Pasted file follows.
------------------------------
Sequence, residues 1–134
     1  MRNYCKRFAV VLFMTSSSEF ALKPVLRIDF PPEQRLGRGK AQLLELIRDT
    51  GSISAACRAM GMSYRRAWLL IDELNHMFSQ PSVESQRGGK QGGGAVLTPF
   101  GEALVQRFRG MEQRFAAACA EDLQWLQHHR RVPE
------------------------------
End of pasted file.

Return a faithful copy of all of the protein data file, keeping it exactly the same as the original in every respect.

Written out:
Sequence, residues 1–134
     1  MRNYCKRFAV VLFMTSSSEF ALKPVLRIDF PPEQRLGRGK AQLLELIRDT
    51  GSISAACRAM GMSYRRAWLL IDELNHMFSQ PSVESQRGGK QGGGAVLTPF
   101  GEALVQRFRG MEQRFAAACA EDLQWLQHHR RVPE